Cleaver Quarterly, The
(magazine about Chinese food)

Cooking with Pulses
(recipes and nutritional info from the USA Dry Pea & Lentil Council)

Medieval Mulled Wine
(Karen Schousboe, at Medieval Histories, traces the spiced libation from Apicius to today)

Michael Pollan on how America got so Screwed Up about Food
(hint: it’s the bizarre intersection of science, industry, and politics)

Noble Idea, A: Beer Without Hops
(James Sheehan, at Molotov Cocktail, on ancient beer styles that incorporated other botanical bittering agents)

Note on Peppers, A
(Hari Balasubramanian on peppers, Piper spp; and peppers, Capsicum spp.)

Problem of the House, The: Past, Present and Future
(Jack Self, in The Architectural Review, looks at kitchen design from several theoretical vantage points)

Sacred Khao
(an introduction to the foods of northern Thailand)

Science of Craving, The
(Amy Fleming, in The Economist, on the difference between desire and pleasure)

What is Bourgeois Cuisine?
(Jonell Galloway on the history of French cooking that is not so haute)

Why (Almost) Everything You Know About Food Is Wrong
(Julia Belluz analyzes the difficulty of getting accurate nutritional information)


---- inspirational (or otherwise useful) site for writers/bloggers ----

7 Book Marketing Trends Authors Can’t Afford to Ignore

10 Things We’ve Learned From Writing Cookbooks

Culinary Memoirs: What’s the Point?

How Do I Become a Food Writer?

How (Not) to Pitch

mdWordsmith

New York Public Library Makes 180,000 High-Res Images Available Online

On All the Ways to Write a Recipe

Restaurant Critic: Your Dream Job or Your Worst Nightmare?

Understanding Your Type as a Food Writer

Who Buys Cookbooks and Why?

Why Is It So Hard to Make Great Food Infographics?


---- more blogs ----

Erica Demane

Food Politics

Silphium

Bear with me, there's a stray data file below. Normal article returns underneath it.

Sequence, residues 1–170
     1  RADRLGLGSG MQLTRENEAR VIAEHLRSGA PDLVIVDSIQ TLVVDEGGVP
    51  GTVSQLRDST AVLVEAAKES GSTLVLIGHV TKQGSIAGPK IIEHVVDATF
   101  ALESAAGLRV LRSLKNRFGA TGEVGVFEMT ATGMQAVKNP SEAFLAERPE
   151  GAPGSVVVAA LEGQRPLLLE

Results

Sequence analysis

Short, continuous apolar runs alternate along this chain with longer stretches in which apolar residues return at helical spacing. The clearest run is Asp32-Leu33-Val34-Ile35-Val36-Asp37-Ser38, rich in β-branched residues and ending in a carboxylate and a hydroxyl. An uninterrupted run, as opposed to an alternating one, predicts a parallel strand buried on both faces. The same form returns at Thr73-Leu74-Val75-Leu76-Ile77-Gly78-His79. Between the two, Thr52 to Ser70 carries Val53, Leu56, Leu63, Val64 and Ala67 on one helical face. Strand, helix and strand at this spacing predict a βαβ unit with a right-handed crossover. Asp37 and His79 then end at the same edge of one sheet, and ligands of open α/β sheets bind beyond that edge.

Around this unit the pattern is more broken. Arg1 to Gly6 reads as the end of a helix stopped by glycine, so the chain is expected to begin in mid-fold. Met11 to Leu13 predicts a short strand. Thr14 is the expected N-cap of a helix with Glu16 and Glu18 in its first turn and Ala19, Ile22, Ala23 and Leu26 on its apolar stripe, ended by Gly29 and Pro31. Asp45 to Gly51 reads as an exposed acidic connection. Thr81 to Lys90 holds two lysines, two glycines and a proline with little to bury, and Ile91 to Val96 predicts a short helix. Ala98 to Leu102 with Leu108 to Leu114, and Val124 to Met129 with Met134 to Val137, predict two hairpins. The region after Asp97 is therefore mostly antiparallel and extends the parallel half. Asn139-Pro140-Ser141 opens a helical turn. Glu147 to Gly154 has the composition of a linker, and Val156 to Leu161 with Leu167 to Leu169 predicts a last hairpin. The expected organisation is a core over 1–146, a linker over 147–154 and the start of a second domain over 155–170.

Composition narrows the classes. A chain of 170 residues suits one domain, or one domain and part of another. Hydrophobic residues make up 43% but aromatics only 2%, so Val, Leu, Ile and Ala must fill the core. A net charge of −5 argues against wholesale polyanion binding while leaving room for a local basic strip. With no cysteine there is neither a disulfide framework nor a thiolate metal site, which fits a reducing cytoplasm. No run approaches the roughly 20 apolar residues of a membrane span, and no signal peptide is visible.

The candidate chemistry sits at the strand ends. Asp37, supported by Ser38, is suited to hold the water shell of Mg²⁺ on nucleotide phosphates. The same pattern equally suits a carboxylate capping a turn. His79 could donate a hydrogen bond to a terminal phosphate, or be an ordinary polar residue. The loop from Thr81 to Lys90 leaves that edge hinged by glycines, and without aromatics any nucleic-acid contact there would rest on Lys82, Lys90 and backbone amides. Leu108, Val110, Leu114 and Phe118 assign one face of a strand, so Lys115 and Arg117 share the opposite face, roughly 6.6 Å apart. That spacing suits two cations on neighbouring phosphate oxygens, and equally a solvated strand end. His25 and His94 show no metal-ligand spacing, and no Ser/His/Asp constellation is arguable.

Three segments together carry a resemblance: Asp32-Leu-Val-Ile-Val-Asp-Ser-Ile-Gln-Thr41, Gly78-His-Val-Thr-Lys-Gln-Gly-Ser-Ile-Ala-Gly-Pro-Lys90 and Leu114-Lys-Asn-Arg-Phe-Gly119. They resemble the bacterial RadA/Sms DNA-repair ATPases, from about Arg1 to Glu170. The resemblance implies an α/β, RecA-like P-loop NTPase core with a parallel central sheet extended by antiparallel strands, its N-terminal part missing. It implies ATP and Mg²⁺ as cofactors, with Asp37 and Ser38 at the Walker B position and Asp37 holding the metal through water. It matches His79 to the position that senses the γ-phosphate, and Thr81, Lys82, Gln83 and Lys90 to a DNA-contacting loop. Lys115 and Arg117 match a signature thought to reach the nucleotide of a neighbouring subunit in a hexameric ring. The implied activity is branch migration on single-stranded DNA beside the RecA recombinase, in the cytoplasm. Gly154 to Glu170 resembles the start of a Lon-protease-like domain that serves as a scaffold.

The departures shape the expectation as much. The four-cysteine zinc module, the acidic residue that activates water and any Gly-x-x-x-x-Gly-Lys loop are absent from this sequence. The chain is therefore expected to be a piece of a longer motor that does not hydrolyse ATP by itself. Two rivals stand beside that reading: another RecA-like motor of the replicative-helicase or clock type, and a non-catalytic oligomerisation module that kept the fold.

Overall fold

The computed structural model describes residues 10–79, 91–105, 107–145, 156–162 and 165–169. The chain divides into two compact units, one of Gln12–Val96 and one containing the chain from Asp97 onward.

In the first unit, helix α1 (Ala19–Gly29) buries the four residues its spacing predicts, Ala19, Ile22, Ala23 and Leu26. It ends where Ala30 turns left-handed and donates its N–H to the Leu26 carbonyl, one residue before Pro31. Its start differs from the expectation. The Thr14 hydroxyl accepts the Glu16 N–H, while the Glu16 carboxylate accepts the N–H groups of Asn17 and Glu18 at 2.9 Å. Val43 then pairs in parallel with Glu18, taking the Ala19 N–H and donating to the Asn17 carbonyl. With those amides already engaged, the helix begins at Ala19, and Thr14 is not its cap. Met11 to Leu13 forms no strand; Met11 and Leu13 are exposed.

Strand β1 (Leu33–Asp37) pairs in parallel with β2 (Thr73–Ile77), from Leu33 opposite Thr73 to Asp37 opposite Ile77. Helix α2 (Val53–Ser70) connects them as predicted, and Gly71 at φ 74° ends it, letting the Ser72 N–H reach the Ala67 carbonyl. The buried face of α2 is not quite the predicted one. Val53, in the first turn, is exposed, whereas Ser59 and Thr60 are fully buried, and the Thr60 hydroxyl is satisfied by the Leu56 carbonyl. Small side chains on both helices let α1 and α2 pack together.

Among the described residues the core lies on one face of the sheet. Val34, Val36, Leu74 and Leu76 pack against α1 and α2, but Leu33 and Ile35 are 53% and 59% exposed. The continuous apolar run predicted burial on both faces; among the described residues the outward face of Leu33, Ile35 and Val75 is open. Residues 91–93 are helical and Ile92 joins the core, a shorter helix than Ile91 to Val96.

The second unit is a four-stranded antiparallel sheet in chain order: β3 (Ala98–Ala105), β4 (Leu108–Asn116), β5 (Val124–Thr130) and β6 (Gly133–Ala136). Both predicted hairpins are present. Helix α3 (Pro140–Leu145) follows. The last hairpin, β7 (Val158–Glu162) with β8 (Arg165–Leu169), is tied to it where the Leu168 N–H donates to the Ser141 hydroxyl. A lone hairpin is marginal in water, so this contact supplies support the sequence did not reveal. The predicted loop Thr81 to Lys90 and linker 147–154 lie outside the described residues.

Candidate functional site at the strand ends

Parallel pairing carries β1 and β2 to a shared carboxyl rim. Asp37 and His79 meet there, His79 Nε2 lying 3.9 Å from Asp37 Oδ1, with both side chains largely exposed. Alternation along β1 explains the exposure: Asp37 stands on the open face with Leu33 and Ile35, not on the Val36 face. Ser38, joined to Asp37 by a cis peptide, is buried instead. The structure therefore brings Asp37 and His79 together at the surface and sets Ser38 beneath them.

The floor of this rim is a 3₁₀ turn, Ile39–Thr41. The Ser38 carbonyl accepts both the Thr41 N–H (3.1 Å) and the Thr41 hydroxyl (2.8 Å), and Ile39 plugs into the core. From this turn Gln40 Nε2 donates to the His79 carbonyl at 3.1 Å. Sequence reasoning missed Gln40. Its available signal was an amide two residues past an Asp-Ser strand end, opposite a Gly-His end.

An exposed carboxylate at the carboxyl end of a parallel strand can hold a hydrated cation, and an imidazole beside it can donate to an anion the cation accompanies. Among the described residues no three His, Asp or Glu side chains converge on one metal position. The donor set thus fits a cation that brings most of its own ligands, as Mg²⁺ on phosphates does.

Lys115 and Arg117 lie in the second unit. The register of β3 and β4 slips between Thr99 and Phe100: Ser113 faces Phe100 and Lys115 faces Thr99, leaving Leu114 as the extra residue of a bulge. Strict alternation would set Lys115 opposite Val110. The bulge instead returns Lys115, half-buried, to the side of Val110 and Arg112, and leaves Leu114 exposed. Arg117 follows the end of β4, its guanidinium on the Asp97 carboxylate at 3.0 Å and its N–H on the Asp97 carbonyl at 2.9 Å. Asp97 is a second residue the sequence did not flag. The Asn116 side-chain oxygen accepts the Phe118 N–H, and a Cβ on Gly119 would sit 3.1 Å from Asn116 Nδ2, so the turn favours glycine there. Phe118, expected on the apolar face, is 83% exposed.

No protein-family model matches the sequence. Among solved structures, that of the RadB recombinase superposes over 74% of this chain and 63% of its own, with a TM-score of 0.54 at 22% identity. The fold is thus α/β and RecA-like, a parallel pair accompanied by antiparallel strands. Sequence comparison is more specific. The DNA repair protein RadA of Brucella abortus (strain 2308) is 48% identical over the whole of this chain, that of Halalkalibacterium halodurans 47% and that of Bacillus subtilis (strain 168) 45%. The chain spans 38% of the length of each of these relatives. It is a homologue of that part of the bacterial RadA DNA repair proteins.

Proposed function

---- thats all for now ----

Except, of course, for the usual legalistic mumbo-jumbo and commercial flim-flam:

Your privacy is important to us. We will not give, sell or share your e-mail address with anyone, for any purpose—ever. Nonetheless, we will expose you to the following irredeemably brazen plugs: 

Want to support On the Table, without spending a dime of your own money on it? 

It’s easy. Whenever you want to shop on Amazon. Com, click on any of the book links below, then whatever you buy there will earn a commission for this newsletter (it doesn’t even have to be one of our books).

The Resource Guide for Food Writers 

The Herbalist in the Kitchen

The Business of Food: Encyclopedia of the Food And Drink Industries

Human Cuisine

Herbs: A Global History

Sausage: A Global History

Can It! The Perils and Pleasures of Preserving Foods (pre-order)

Terms of Vegery

How to Serve Man: On Cannibalism, Sex, Sacrifice, & the Nature of Eating

Here endeth the sales pitch(es)...

...for the moment, anyway.

______________

The Resource Guide for Food Writers, Update #184 is protected by copyright, and is provided at no cost, for your personal use only. It may not be copied or retransmitted unless this notice remains affixed. Any other form of republication—unless with the author‘s prior written permission—is strictly prohibited.

Copyright (c) 2016 by Gary Allen.

2 Comments:

Blogger Warren Bobrow said...

more brilliance to spend numerous hours here... instead of writing for my supper...

January 20, 2016 at 3:43 PM  
Blogger Gary Allen said...

& that, despite only two libatious links!

(no idea if "libatious" is a word, but it should be)

January 20, 2016 at 3:46 PM